British Supermarket Launches Vegan Fish Fingers

Harriet Flook wrote . . . . . . . . .

Waitrose has launched their own brand Fishless Fingers, which are made from breaded seaweed tofu with a crispy coating, and they sound delicous.

Waitrose’s vegan Fishless Fingers are are available nationwide and online on an introductory offer of £3.19 and will then be £3.99 from 30 January.

The Fishless Fingers are part of a new range from the retailer, who have expanded their plant-based range with the addition of 40 new vegetarian and vegan own brand products, just in time for Veganuary.

Chloe Graves, chilled vegan and vegetarian buyer at Waitrose & Partners said “After the successful launch of our new vegan and vegetarian range in October 2018 we’ve been working to see what other interesting dishes and products we can add to the range.

“The Fishless Fingers are a great vegan alternative to a much-loved food which we hope our customers will love.”

There demand for vegan products has considerably grown over the last couple of years, with Waitrose reporting sales of vegan party food was up 20% since it’s launch in October.

Source: Mirror

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Vegetarian Risotto Primavera

Ingredients

generous 6-1/3 cups vegetable stock
8 oz fresh thin asparagus spears
4 tbsp olive oil
6 oz young green beans, cut into 1-inch lengths
6 oz young zucchini, quartered and cut into 1-inch lengths
generous 1-1/2 cups shelled fresh peas
1 onion, finely chopped
1-2 garlic cloves, finely chopped
generous 1-5/8 cups risotto rice
4 scallions, cut into 1-inch lengths
2 oz butter
1 cup freshly grated Parmesan cheese
2 tbsp snipped fresh chives
2 tbsp shredded fresh basil
salt and pepper
scallions, to garnish (optional)

Method

  1. Bring the stock to a boil in a pan, then reduce the heat and keep simmering gently over low heat while you are cooking the risotto.
  2. Trim the woody ends of the asparagus and cut off the tips. Cut the stems into 1-inch pieces and set aside with the tips.
  3. Heat 2 tablespoons of the oil in a large skillet over high heat until very hot. Add the asparagus, beans, zucchini, and peas and stir-fry for 3-4 minutes until they are bright green and just starting to soften. Set aside.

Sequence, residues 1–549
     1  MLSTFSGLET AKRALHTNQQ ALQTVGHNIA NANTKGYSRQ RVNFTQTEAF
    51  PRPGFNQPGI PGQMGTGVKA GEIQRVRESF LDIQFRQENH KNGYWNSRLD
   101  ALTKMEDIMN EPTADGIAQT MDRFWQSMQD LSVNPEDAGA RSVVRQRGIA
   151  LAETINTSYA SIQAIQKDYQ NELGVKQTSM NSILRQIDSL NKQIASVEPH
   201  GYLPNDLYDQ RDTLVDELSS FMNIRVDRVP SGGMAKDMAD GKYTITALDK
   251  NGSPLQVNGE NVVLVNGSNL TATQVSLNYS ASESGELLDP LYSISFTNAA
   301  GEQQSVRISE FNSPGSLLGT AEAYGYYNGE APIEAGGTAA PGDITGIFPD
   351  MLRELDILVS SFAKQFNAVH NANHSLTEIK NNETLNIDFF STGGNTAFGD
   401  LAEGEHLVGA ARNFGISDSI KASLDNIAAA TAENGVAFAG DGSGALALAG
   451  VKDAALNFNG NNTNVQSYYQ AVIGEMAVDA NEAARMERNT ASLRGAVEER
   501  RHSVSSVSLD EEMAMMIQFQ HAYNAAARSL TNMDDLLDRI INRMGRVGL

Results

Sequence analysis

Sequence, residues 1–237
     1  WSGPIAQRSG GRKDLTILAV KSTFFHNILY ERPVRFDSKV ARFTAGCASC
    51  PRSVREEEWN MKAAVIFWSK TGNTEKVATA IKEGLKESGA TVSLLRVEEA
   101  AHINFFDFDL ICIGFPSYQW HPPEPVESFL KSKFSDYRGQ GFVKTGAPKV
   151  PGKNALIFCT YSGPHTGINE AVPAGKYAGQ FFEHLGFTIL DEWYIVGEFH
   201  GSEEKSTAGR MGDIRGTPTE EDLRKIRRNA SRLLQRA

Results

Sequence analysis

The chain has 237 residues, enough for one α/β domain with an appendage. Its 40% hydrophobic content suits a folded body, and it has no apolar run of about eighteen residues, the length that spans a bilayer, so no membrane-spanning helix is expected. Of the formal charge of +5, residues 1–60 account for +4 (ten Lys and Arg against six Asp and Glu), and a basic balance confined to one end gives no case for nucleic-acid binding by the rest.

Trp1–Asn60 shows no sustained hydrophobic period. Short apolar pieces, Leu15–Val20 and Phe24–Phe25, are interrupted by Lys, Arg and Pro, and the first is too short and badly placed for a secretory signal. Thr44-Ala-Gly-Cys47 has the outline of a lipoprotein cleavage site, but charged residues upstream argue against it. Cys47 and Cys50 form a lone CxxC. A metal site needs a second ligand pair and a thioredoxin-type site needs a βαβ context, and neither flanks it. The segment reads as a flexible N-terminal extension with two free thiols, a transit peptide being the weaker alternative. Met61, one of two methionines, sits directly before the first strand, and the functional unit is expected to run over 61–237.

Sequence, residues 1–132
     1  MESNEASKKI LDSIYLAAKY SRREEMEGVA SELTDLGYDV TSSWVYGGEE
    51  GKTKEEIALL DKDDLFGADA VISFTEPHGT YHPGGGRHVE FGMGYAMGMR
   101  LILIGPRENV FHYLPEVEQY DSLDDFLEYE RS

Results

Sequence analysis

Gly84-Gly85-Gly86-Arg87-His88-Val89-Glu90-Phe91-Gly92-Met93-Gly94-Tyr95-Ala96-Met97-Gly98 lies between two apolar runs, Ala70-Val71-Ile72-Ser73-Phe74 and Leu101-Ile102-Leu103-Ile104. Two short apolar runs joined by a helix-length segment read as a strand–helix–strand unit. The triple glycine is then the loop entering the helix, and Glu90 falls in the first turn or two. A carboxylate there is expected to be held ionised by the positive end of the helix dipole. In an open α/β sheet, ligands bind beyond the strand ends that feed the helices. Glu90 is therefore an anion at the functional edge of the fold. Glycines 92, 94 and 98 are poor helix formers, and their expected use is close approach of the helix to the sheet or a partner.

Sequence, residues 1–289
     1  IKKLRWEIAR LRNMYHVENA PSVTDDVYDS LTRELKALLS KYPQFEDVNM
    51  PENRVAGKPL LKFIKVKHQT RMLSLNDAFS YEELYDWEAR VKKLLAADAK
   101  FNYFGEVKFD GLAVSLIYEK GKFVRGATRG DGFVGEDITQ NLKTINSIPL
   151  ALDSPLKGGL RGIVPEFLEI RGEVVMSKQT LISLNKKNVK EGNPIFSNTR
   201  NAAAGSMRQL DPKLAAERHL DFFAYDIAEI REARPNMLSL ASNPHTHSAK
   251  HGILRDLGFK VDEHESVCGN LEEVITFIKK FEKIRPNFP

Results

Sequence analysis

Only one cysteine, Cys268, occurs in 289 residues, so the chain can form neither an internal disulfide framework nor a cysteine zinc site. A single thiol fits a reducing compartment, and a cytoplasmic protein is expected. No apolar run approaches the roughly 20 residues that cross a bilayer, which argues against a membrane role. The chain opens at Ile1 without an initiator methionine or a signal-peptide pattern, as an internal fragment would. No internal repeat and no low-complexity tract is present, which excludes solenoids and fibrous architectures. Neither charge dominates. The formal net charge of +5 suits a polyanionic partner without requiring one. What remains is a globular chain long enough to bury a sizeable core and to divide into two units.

4. Heat the remaining oil in a large, heavy-bottom pan over medium heat. Add the onion and cook, stirring occasionally, for 3 minutes, or until it starts to soften. Stir in the garlic and cook, while stirring, for 30 seconds.
  5. Reduce the heat, add the rice, and mix to coat in oil. Cook, stirring constantly, for 2-3 minutes, or until the grains are translucent.
  6. Gradually add the hot stock, a ladleful at a time. Stir constantly and add more liquid as the rice absorbs each addition. Increase the heat to medium so that the liquid bubbles. Cook for 20 minutes, or until all but 2 tablespoons of the liquid is absorbed and the rice is creamy.
  7. Stir in the stir-fried vegetables, onion mixture, and scallions with the remaining stock. Cook for 2 minutes, stirring frequently, then season to taste with salt and pepper Stir in the butter, Parmesan, chives, and basil.
  8. Remove the pan from the heat. Transfer the risotto to a warmed serving dish, garnish with scallions, if liked, and serve at once.

Makes 6 to 8 servings.

Source: Risotto

In Pictures: Food of Vegelink Vegetarian Cuisine (素之樂) in Hong Kong

Modern Plant-based Cuisine

The Restaurant

Eating Your Veggies, Even in Space

Fresh food is so attractive to astronauts that they toasted with salad when they were able to cultivate a few lettuce heads on the International Space Station three years ago.

In 2021, beans are on the menu to be grown in space, planted in high-tech planters developed at the Norwegian University of Science and Technology (NTNU).

“Astronauts like gardening and everything that reminds them of life on earth. They enjoy tending and watering the vegetables, and getting them to germinate,” says Silje Wolff, a plant physiologist at the Centre for Interdisciplinary Research in Space (CIRiS), which is part of NTNU Social Research.

Wolff has just completed an experiment that involved growing lettuce for space. The lettuce was planted in artificial soil made from lava rock. The goal is for the plants to grow directly in water that is supplemented with plant nutrients.